Over 250 vendors gathered on September 22nd at the Art Gallery of Ontario for the Broken Pencil Canzine: Festival of Zines and Underground Culture. The festival was from 1 p.m. to 7 p.m. and the large mass of vendors spanning seminar rooms one, two, and three do not compare to the hundreds of people flooding the tiny aisles between the vending tables. A library consisting of self-published zines from all of the world, aptly titled “Global Project Zine” and curated by Publishing @ SFU, also takes up one room.

I arrive at about 2:30 p.m., initially unsure of where to go. Though, the crowd of trendily-clad Toronto hipsters of all ages and nationalities easily lead me to the festival. A tall man with sleeves of tattoos to match his black t-shirt and ankle-length black jeans supported by suspenders greets visitors as they walk down the stairs to the second floor of the AGO and offers them a newspaper style comic. The room is filled with natural light and an ocean of people. Two young women with brightly-coloured hair that matched their vibrant personalities offer a pamphlet and map of the festival as we enter. The body heat from the waves of people that line the aisles complement the warm and welcoming atmosphere. At nearby tables, artists can be seen sketching comics that are hung on the wall when complete.

A quick browse of the room reveals that there is a large variety of items for sale. The merchandise consists of self-published comic books, magazine-style illustrated works, pamphlets, and even full-length novels. It is not a requirement for the work at Canzine to be self-published, but it is recommended as the festival caters to that which is independently created. I talk to one vendor about her goods. Small comic books, about two to three inches in height, are displayed on the table in front of her. The books have a homemade charm but look professionally done. She tells me that “they are printed at a local printing press and I staple the pages together myself! It’s a labour of love.” The large smile on her face and her eagerness indicate her passion and love for her product. She makes sure to hand me a free hand-painted flyer as a reminder to follow her social media handles.

I have many conversations like this throughout my three hours at the festival and amass a wealth of complementary hand-painted crafts from vendors of all ages. The youngest of whom are seven and ten-year old, Noah and Vivian. They display a series of small, hand-drawn and coloured cutout pictures. Someone nearby asks the young girls what inspires them and Vivian says, “Oh, I don’t know. For a lot of them, it was my cat and a lot of favourite foods, trips and stuff.” She gestures toward a small drawing of her cat done with black and white pencil crayons.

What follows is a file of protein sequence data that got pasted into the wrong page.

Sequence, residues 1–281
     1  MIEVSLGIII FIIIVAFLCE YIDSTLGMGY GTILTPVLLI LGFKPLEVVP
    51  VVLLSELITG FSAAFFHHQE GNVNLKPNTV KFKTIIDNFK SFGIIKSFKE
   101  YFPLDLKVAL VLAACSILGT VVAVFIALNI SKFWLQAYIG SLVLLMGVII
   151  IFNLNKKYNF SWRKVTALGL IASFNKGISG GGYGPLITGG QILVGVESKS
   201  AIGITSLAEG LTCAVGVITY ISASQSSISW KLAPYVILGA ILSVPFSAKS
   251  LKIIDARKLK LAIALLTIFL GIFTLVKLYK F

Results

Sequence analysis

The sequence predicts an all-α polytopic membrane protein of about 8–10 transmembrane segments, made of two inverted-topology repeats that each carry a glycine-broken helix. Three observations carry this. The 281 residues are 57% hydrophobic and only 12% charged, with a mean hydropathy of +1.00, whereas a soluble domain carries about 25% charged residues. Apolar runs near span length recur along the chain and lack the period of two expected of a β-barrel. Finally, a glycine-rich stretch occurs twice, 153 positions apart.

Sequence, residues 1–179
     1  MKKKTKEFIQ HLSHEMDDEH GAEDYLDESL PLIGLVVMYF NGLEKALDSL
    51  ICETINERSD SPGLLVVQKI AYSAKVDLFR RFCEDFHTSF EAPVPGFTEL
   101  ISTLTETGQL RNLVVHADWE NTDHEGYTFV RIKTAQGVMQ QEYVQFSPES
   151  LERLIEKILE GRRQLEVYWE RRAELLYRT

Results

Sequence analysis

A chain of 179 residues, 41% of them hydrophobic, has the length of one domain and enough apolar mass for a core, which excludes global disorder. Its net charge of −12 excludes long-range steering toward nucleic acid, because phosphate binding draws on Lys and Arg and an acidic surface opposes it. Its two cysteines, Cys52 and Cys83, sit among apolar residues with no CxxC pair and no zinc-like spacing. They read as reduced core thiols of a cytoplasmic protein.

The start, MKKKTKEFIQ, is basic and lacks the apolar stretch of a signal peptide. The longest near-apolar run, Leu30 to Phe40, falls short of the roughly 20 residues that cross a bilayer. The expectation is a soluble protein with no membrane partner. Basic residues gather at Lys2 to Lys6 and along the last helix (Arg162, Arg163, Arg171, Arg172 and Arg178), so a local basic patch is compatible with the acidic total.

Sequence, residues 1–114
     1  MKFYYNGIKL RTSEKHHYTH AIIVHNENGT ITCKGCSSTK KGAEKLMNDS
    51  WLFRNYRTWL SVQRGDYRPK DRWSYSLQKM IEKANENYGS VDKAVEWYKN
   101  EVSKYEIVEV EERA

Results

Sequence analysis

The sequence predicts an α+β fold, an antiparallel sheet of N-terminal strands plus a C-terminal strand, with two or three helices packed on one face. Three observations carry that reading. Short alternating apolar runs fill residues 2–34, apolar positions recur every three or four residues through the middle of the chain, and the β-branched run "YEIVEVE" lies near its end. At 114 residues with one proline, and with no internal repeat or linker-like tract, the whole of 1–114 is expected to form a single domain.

While Vivian and Noah use pencil crayons and what looks like Crayola markers for their art, art is on a variety of mediums. Some vendors sell paintings on canvas, watercolour postcards, digital screen prints, art drawn with chalk, laser cut wooden art, hand drawn pins, and many comic-style drawings in the style akin to the likes of Pokemon, Yu-Gi-Oh, and Sailor Moon. Some illustrated zines also feature written poems and blurbs by the multi-talented vendors. Many of them feature the theme of LGBTQ+ rights and feminism. One particular illustration that stood out is the phrase, “Let’s Guillotine the Bourgeoisie Tonight, Qomrades” written as an acrostic poem with LGBTQ as the framing text.

Another vendor with a political message behind their work is Emanuelle Charaneuf from Sault St. Marie. Her “Queen Street” zine catches my eye as I assume it is based on the Toronto street eponymous with Queen Victoria. Emanuelle quickly corrects my assumption and tells me that it is named after the street she grew up on in her hometown. She goes on to say that she draws inspiration from her mother’s experience as a Filipino immigrant and her effectual experience as a First-Generation Canadian. She goes to say, “We were kids. We didn’t know what it all meant and what it’s like [for her] growing up an immigrant. So, there’s a bit of humour in there, confusion.” One scan of Emanuelle’s zine reveals that it follows the almost ominous nature of the other works at Canzine, which epitomize the ability of art and literature to turn pain and negativity into something beautiful.